What motivated artists, art historians, and art dealers to try to link expressionism with Nazism? What mechanisms defined the canonization of expressionism in art history after the Second World War and the return of ideologically charged concepts and patterns of argumentation in the present? This collection of essays explores these questions. The contributions were presented at an international conference that was held in May 2019, a collaboration between the Neue Nationalgalerie and the Freie Universität Berlin organized by Meike Hoffmann and Dieter Scholz. Several essays in this volume also discuss new, innovative exhibition formats, responsibilities, and perspectives: How can the richly diverse and contradictory image of the German art world between 1933 and 1945 be represented in the institutional context of an art museum today?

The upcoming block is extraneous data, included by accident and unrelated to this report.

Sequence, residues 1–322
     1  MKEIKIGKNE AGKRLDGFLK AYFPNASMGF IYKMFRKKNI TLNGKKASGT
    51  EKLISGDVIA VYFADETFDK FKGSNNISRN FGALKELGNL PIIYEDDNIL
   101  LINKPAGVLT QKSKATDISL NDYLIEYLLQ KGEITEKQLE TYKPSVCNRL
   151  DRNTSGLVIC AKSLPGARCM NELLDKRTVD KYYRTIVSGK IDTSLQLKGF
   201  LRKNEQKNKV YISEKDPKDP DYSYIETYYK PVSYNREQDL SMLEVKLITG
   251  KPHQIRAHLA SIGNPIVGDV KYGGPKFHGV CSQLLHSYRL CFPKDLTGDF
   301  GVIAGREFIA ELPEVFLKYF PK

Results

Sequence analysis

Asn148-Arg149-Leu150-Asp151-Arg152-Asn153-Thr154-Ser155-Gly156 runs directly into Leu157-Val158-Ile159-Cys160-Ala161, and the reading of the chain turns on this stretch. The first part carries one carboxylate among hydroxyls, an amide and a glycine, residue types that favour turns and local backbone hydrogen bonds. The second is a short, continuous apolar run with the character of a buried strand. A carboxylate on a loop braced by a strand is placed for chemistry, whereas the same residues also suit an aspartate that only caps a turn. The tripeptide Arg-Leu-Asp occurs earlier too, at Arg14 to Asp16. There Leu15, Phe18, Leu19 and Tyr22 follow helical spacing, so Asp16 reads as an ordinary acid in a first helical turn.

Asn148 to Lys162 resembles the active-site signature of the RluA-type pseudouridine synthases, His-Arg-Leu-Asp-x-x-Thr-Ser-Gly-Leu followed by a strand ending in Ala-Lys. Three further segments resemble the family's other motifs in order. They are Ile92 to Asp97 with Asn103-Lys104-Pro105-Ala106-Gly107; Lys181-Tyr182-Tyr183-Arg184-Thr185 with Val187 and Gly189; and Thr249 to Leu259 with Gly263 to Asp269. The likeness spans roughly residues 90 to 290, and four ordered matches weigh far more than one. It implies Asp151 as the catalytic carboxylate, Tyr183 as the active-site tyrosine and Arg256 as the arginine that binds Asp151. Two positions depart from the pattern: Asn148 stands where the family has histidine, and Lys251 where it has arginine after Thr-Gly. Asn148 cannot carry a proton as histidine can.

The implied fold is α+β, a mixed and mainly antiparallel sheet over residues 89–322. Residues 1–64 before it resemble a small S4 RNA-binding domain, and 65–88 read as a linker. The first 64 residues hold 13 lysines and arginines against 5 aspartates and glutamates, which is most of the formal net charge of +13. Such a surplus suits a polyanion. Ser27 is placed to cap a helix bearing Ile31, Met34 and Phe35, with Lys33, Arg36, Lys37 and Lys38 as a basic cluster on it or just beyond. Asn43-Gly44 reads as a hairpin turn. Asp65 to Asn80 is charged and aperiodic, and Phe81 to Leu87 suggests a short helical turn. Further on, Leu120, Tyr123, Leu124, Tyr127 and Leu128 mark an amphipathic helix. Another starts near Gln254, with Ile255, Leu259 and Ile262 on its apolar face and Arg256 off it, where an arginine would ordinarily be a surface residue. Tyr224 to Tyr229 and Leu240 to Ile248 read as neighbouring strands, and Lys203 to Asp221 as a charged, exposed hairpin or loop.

Contributors: Eugen Blume, Bernhard Fulda, Meike Hoffmann, Andreas Hüneke, Joachim Jäger, Gregor Langfeld, Michael Nungesser, Gerhard Paul, Olaf Peters, Sebastian Peters, Sebastian Preuss, Wolfram Pyta, Julius Redzinski, Christian Ring, Thomas Röske, Christina Rothenhäusler, Lisa Marei Schmidt, Dorothea Schöne, Dieter Scholz, Aya Soika, Janosch Steuwer, Michael Tymkiw, Volker Weiß, and Christoph Zuschlag
This conference volume and the associated colloquium were initiated and financed by the Ferdinand-Möller-Stiftung.